Oberlin Music Scholar Wins Prestigious Competition

Kelsey Cowger, a double-degree junior majoring in musicology and politics, has won the Lake Michigan Scholar Search sponsored by the Civic Orchestra of Chicago. Founded in 1919, the Civic Orchestra is the only training orchestra affiliated with a major American orchestra, the Chicago Symphony Orchestra.

Cowger is one of only two winners of the competition. To be considered for the award, she submitted – besides the requisite resume and references – a draft of a pre-concert lecture (on Schoenberg's Five Pieces for Orchestra) and a videotape of herself delivering it.

As part of her prize, she was asked to deliver a lecture at Symphony Center on May 20, prior to a concert conducted by Christoph Eschenbach. She was also asked to write the program notes for the concert. (At press time, the program had not yet been announced.)

"Winning the competition is particularly advantageous for me," says Cowger. "Unlike the vast majority of musicology kids, I'm not so set on pursuing a career in academia, although that could certainly be in the cards. What I'd really like to do is be the musicologist-in-residence at an orchestra, especially one that, like the London Sinfonietta or the Ensemble Intercontemporain, emphasizes contemporary music as a major component of its repertoire. What I'm doing for the Civic Orchestra is exactly what I'd like to do on a broader scale as a career."

Cowger is from Omaha, Nebraska. Her mother, Leslie Carter '76, is a bassist with the Omaha Symphony.

Cowger studies with Professor of Musicology Sylvan Suskin, who says that just by entering the competition, Cowger proved "she has gumption and chutzpah."

His reaction upon hearing that she'd won?

"Obviously, I was absolutely thrilled for her. Anything like this can't help but further her career," he says. "I think she's really going to make it. She writes beautifully."

Cowger believes musicology is a relatively young discipline, especially as it's practiced now. "Relatively few people work on contemporary subjects, so there's a lot of freedom to tread new ground," she says. "Most contemporary music is treated in a less than serious fashion. It certainly isn't privileged in the same way as the musical canon. I think this is really a shame. A lot of fascinating and beautiful stuff has been composed in the last 30 years that is virtually unknown. The study of contemporary music is one of the most important roles a musicologist can play – if nothing else, to engage people on a number of levels about music they find foreign or frightening or particularly challenging."

As if being double-degree isn't rigorous enough, Cowger is also enrolled in the honors program; musicology Associate Professor Claudia Macdonald is her thesis advisor. The working title for Cowger's thesis is "Elements of Non-Narrative Drama in Avant-Garde Chamber Music." Cowger spent winter term in London and Belgium, where she did research on Peter Maxwell Davies and Harrison Birtwistle.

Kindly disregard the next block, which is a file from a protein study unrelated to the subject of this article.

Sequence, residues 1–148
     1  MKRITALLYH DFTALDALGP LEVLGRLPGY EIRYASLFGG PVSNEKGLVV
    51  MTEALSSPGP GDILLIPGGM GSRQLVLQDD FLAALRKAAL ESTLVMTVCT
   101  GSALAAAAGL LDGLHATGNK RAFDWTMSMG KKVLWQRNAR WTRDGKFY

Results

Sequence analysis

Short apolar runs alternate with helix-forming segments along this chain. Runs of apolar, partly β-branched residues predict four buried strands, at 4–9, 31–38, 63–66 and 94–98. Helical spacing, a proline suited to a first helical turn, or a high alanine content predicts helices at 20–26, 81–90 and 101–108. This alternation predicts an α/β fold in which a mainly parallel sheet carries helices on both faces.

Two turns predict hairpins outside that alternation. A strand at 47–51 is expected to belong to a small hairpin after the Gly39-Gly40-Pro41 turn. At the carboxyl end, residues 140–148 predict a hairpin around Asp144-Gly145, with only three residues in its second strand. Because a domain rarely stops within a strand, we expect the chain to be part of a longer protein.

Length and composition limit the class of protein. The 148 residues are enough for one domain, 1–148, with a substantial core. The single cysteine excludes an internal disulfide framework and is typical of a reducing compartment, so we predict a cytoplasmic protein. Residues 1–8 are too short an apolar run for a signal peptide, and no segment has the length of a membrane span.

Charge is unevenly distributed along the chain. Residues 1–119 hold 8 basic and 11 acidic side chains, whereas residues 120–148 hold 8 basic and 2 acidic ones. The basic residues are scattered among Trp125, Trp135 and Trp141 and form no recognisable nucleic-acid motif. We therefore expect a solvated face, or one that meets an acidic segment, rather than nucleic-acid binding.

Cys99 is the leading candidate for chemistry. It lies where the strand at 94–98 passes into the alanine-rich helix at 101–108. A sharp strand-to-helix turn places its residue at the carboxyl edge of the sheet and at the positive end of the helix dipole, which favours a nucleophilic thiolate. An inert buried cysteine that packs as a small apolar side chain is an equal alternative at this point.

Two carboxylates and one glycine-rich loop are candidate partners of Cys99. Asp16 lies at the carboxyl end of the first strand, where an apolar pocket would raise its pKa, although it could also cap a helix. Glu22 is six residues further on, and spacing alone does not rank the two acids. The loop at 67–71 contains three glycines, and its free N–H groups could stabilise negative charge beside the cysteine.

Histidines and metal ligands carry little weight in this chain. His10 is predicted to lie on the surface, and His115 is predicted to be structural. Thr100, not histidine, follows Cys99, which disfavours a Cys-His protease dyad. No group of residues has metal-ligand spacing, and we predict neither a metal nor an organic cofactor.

-Marci Janas '91

Singer Receives Third Prize at Mario Lanza Competition
In a successful return to his hometown, senior Kevin Moreno took third prize in the junior division of the Mario Lanza National Vocal Competition held November 2000 in Philadelphia. Moreno was the only undergraduate to place in the division, which includes singers ages 20 to 24.

Moreno had joined 120 international competitors in October at the semi-final round held at the Settlement Music School.

"I had never done a competition of this caliber," says Moreno, who studies with Associate Professor of Singing Marlene Rosen. "To hear voices of professional quality and realize I was competing with them was really amazing. Just to make it to the finals was such an honor."

As a finalist, Moreno was invited to sing at the Mario Lanza Opera Ball, which served as the competition's final round. Required to sing two contrasting works, Moreno chose "Largo Al Factotum" from Rossini's Barber of Seville and "Let Beauty Awake" from Ralph Vaughan Williams' Songs of Travel. The panel of judges included retired and established opera performers as well as teachers.

Moreno has performed in many Oberlin Opera Theater productions, including the roles of El Dancairo in Bizet's Carmen, the title role in Mozart's Don Giovanni, Pavayoykiasi in Henry Mollicone's Coyote Tales, and most recently, Don Magnifico in the March production of Rossini's La Cenerentola.
-Charity Lofthouse '99

Opera Scenes by Oberlin Alumna Picked for AMS Conference
"Chamber opera that gives a big impression." That's how music director Michael Sponseller '00 describes Scorn, a program highlighting the phenomenon of "the woman scorned" in baroque opera. Conceived and directed by Lydia Steier '00, the work features scenes by Handel, Charpentier, Purcell, Rameau, and Royer. It was chosen for performance in Toronto at the November 2000 annual conference of the American Musicological Society (AMS).

Scorn premiered in Oberlin in December 1999 as a project for Steier's independent major in opera directing. Steier is pursuing the master of fine arts degree in directing at Carnegie Mellon University.

Sponseller played harpsichord and coached the nine singers and three instrumentalists – two baroque violinists and a baroque cellist.

Steier believes the project's primary attraction was her approach to the scenes. "We treated baroque opera in a way it is not usually treated," she says. "We've had a chance to do away with modern conventions and have the singers feel such genuine emotion on the stage. We showed people a new way of looking at an old art form."
-Charity Lofthouse '99

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